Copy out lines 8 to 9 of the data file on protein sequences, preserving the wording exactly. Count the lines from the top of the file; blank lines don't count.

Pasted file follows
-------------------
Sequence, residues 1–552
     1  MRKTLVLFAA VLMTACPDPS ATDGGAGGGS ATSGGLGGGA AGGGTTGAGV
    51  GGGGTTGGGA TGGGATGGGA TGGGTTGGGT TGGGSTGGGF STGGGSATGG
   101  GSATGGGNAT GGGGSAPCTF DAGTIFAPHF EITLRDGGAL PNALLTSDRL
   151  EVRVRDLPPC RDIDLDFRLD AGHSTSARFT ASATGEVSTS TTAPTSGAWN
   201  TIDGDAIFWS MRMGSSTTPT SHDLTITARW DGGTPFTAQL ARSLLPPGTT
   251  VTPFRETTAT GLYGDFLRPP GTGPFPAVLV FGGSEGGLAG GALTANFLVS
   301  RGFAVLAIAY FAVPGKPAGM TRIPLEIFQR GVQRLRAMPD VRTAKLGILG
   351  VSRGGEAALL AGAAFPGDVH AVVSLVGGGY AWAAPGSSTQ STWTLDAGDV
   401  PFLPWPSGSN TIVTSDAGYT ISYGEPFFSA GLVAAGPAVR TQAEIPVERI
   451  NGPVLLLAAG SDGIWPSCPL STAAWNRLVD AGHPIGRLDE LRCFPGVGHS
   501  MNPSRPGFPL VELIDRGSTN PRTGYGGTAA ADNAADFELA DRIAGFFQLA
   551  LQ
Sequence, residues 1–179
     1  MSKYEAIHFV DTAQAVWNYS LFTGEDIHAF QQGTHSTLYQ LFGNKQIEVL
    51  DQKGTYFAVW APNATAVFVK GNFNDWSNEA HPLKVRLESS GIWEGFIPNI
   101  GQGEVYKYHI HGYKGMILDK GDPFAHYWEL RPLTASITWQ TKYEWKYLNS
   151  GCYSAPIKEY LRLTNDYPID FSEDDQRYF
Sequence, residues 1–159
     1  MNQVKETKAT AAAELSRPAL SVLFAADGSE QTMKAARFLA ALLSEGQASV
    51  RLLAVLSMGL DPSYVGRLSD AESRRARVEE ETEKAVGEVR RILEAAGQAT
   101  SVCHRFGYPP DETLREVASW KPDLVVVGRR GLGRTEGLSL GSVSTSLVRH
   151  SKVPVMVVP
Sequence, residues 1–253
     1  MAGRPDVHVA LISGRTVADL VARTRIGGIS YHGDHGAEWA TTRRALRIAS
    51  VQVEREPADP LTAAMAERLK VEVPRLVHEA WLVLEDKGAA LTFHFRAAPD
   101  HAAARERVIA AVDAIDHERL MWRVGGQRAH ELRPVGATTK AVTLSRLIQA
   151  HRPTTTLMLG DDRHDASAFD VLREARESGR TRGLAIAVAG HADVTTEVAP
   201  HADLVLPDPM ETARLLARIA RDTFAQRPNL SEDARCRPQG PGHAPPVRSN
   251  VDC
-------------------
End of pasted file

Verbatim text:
   301  RGFAVLAIAY FAVPGKPAGM TRIPLEIFQR GVQRLRAMPD VRTAKLGILG
   351  VSRGGEAALL AGAAFPGDVH AVVSLVGGGY AWAAPGSSTQ STWTLDAGDV